Mono Lake California & Arsenic?

Bacteria that thrive on arsenic have been scooped from the depths of the Mono Lake in California, a discovery that redefines the building blocks of life and offers new hope in the search for extraterrestrial beings.

The new discovery is unlike every other life-form on the planet, from the simplest plant to the most complex mammal.

Scraped from the bottom of Mono Lake in California and then grown inside a laboratory, the bacteria uses the poisonous substance arsenic as a replacement for phosphorus, the element previously considered an essential backbone for all life.

Is the new found bacterial alien life? Does this discovery confirm the existence of extraterrestrial life?

asked by Marissa in Science | 3055 views | 12-03-2010 at 12:13 AM

I think it demonstrates life can be way more complex than what we think today.
If alternate biologies can happen on Earth, there's no reason to think they can't happen elsewhere, not only like the newly discovered bacteria, but all sorts of takes on what life might look like.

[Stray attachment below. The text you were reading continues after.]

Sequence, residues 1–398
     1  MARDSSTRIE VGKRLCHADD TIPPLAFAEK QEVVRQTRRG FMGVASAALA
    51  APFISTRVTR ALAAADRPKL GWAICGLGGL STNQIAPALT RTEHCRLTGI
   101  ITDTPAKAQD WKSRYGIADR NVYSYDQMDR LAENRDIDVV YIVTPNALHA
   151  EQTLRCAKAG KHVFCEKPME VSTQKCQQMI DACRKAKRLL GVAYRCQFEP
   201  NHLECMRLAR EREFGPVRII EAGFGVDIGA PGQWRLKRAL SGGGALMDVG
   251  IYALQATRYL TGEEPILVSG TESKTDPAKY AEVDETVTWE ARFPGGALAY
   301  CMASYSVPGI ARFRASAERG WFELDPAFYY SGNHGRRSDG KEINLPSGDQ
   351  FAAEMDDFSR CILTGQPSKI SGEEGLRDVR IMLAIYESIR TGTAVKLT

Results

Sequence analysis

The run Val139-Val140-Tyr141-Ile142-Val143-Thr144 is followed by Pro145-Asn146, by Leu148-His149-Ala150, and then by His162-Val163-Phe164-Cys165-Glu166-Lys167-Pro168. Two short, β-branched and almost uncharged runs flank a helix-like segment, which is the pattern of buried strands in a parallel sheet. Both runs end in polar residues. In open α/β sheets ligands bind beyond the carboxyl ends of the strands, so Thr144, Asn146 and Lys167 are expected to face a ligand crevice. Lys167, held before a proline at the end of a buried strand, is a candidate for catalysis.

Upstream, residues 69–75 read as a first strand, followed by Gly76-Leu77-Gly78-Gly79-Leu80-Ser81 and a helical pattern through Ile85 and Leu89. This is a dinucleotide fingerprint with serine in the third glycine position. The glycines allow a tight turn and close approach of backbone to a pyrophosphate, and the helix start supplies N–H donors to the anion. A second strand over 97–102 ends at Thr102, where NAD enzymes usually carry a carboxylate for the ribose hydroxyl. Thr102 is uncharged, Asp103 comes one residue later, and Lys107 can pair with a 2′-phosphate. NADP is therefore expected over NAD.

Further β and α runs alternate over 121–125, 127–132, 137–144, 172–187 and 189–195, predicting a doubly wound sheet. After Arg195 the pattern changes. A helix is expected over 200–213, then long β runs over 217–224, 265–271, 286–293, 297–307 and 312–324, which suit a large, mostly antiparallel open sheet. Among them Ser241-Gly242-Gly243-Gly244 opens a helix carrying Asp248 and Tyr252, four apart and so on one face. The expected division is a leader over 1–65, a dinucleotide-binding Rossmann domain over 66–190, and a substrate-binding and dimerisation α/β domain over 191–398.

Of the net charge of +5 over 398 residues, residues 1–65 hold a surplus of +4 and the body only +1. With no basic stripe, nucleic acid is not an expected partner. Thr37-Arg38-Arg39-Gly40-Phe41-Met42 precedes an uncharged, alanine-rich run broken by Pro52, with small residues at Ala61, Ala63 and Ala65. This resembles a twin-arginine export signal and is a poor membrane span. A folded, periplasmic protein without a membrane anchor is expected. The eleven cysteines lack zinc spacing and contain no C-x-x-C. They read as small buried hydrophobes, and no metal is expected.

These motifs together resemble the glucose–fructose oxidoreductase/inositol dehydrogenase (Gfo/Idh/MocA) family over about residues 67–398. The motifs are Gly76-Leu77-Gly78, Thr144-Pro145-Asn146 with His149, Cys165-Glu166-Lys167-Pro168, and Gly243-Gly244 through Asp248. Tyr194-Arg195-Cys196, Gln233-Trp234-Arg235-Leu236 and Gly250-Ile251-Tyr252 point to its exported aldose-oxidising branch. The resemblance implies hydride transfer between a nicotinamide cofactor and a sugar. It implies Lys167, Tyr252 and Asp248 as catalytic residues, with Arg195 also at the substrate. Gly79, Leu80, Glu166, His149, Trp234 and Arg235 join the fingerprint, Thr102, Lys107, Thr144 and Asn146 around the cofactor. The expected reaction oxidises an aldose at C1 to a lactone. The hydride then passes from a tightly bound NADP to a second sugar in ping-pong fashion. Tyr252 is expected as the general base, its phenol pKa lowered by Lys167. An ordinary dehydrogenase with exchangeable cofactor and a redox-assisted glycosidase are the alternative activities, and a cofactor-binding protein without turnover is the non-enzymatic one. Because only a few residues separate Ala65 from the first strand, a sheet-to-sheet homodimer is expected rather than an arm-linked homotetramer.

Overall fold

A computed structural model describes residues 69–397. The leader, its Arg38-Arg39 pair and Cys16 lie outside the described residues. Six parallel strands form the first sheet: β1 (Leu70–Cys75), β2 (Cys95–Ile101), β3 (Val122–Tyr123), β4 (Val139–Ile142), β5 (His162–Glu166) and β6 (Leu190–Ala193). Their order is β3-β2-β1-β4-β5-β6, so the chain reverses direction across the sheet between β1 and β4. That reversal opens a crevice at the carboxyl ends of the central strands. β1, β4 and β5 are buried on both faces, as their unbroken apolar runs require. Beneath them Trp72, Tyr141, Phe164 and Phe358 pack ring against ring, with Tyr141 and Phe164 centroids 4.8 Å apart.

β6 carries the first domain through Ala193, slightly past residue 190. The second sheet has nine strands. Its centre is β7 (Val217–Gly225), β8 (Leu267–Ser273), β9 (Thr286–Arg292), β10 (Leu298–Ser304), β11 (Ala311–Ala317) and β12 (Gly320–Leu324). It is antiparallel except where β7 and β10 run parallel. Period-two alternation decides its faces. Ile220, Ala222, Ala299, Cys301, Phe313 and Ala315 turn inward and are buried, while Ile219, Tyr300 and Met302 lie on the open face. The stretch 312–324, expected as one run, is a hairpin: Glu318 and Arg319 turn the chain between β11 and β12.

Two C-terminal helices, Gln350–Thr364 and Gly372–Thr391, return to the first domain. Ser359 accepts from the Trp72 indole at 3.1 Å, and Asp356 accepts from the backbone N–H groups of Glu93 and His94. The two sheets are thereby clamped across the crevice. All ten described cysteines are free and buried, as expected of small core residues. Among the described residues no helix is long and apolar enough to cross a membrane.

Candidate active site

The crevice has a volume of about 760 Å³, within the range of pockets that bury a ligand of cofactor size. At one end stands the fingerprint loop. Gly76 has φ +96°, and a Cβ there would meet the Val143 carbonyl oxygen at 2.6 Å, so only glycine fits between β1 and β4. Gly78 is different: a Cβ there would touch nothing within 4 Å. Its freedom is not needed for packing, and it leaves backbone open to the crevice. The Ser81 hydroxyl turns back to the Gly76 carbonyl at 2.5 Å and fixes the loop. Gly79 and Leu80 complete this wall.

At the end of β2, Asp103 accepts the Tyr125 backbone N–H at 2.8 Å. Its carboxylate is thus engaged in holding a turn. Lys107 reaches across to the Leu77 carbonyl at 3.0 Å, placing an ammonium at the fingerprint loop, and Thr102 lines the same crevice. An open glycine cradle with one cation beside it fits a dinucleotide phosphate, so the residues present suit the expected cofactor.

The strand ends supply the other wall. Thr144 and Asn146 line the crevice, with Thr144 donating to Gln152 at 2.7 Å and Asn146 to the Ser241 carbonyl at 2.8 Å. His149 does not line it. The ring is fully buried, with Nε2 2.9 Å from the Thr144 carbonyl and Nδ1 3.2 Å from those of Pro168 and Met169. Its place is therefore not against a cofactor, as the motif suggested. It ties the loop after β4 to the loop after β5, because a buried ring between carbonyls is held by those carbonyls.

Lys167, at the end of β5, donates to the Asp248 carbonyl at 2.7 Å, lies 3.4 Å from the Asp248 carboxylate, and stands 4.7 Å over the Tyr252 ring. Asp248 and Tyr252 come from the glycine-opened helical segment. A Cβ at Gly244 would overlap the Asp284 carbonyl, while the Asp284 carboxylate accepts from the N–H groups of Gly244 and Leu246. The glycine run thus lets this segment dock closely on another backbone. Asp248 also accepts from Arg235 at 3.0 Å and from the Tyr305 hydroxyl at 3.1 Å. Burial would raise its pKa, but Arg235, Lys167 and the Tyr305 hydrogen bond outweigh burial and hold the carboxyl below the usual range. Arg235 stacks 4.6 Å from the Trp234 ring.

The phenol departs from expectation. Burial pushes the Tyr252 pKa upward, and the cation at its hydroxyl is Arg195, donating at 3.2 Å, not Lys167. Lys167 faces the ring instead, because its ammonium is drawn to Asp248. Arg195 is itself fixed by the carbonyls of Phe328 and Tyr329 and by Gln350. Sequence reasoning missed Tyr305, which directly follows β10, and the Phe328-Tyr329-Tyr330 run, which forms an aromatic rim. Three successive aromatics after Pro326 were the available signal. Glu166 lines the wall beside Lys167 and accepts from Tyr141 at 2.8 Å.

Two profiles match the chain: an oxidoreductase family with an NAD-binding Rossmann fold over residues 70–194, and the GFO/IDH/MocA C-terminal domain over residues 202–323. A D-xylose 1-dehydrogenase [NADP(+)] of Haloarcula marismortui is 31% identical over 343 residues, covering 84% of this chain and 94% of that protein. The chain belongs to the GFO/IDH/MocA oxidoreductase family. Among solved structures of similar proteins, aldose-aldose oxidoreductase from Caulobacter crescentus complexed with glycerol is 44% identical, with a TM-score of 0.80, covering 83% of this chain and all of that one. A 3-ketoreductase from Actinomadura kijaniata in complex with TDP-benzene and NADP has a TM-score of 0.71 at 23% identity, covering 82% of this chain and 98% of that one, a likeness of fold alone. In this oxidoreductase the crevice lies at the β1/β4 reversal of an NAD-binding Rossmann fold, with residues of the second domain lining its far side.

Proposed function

The recent discovery by Felisa Wolfe-Simon of an organism that can utilize arsenic in place of phosphorus has demonstrated that life is still capable of surprising us in fundamental ways.

In their experiment, researchers cultured the bacterium to use otherwise-toxic arsenic instead of phosphorous in its DNA. Phosphorous is one of the six elements considered essential to life on Earth.

Expect that new editions of biology textbooks will reflect this change, and that the search for life here on Earth--and on other planets--will expand to look for life with other alternative biochemistries.

answered by Spencer | 12-03-2010 at 12:14 AM

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